Rating: 8 (Great)
In exchange for letting Furuya document her every move, Rea insists he take her out like a normal girl, fulfilling the promise he made. They spend the day shopping, unaware they’re being tailed by three of Dan’ichiro’s henchmen. When Furuya leaves Sanka alone to grab some food, their first attempt to kidnap her fails when Yasutaka confronts her, and leads her out of the mall. When they try again, she knocks them all out with her zombie strength. Improvising, they kidnap Furuya instead, throwing him in a van bound for Dan’ichiro’s mansion.
We had trouble enjoying this episode because it made so many poor decisions, and Furuya made so many stupid ones, that it’s somewhat hard to overlook them all at this point, though at least he finally paid for his cavalier attitude by being kidnapped. Now Dan’ichiro can do whatever he wants to him, including making good on his previous threat to castrate him. But back to those decisions: after a Ranko-heavy episode that admittedly made her slightly more likable, she already shows up again this week in an extended scene that only exists so we can see what Andy W. Hole would refer to as her “big bangs”. This scene is totally extraneous, as she simply reiterates her desire to win Furuya and her frustration with his sudden intimacy with Rea. Yeah thanks, we already know that. This felt like padding.
Another bad move the episode made was using Yasutaka. We didn’t need the silly red herring of him sneaking up on her, and we certainly didn’t need him to appear in the episode for more than five seconds and have lines. He may be the worst character of the Spring season if not the year, including the series we’ve dropped, and frankly we would have liked to see the kidnappers beat him a little more severely. Perhaps most egregious is Furuya continuing to parade Rea around as if her father were no threat. Dan’ichiro is extremely rich, powerful, and insane…he is a HUGE threat. It’s admirable to give Rea a normal day of shopping, but more descretion was required. If one good thing came out of this episode, it’s that Furuya is finally aware of just how frikkin’ dangerous a situation he’s gotten himself into.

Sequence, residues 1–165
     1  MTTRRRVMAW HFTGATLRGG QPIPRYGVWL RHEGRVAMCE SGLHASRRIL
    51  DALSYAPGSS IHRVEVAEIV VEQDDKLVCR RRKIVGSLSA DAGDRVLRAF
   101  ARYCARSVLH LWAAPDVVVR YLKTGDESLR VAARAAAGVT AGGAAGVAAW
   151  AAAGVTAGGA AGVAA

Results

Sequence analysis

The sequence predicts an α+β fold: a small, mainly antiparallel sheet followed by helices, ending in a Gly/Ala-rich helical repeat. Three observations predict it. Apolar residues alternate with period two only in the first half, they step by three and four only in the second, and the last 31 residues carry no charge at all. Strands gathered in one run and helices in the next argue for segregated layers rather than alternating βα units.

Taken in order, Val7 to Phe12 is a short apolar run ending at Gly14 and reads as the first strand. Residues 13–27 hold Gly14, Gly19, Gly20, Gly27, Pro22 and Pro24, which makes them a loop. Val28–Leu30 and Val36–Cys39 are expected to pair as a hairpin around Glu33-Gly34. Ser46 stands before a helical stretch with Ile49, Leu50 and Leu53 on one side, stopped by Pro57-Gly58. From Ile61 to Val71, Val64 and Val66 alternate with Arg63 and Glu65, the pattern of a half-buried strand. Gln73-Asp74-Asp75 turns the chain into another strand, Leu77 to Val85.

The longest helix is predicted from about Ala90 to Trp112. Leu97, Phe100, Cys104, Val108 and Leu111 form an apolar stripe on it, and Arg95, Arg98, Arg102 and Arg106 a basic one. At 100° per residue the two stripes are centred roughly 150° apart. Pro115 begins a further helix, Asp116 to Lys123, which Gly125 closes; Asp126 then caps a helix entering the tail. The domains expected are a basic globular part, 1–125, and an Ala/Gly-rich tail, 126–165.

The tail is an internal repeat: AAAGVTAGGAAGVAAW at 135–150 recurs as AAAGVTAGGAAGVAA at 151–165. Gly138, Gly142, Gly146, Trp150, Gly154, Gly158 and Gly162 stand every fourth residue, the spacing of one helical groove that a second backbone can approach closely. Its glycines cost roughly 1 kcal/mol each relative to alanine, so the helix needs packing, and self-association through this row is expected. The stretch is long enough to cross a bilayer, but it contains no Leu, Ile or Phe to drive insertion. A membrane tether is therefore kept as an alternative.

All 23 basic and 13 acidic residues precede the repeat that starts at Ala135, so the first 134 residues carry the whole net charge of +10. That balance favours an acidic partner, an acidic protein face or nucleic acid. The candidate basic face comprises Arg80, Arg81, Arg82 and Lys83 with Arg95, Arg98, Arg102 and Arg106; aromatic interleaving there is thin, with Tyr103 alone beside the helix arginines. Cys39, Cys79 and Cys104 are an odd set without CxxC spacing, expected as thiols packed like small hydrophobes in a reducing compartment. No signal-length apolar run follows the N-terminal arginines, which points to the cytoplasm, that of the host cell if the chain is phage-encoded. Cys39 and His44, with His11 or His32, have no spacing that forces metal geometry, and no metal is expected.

Rating: 4 (Fair)
Furuya comes to grips with the situation he’s in: Rea is now a zombie, which means he’s now living his dream. Rea’s father vows to win her back an exact revenge upon Furuya. Gramps mistakes Rea for his resurrected mistress. Rigor mortis sets in for Rea. Estimating she’ll rot into bones in a month, Furuya considers how he’ll be able to protect and preserve her body.
Now that Rea has been zombified thanks to Furuya’s magic potion, her goal is to experience everything a normal girl should experience; that’s how she interpreted his promise to stay by her side. That equates to making her his girlfriend, which is everything he ever wanted. He’s a bit slow on the uptake, however, as it’s more than halfway through the episode until he realizes that there are worse things than having a gorgeous zombie girl living in his bedroom.
Of course, there are some issues he’s going to have to deal with. Protecting the secret of Rea from his family won’t be easy, as it’s not a huge house; the encounter with gramps was a close (and hilarious) call. Whether he’s aware or not, Rea’s father isn’t finished with him, and won’t give up on getting his beloved daughter back. And then there’s the practical difficulties; at some point, we gather Rea’s going to need some brains to eat, and Furuya needs to get Rea embalmed or something soon, or he’ll have a real mess on his hands.
Rating: 7 (Very Good)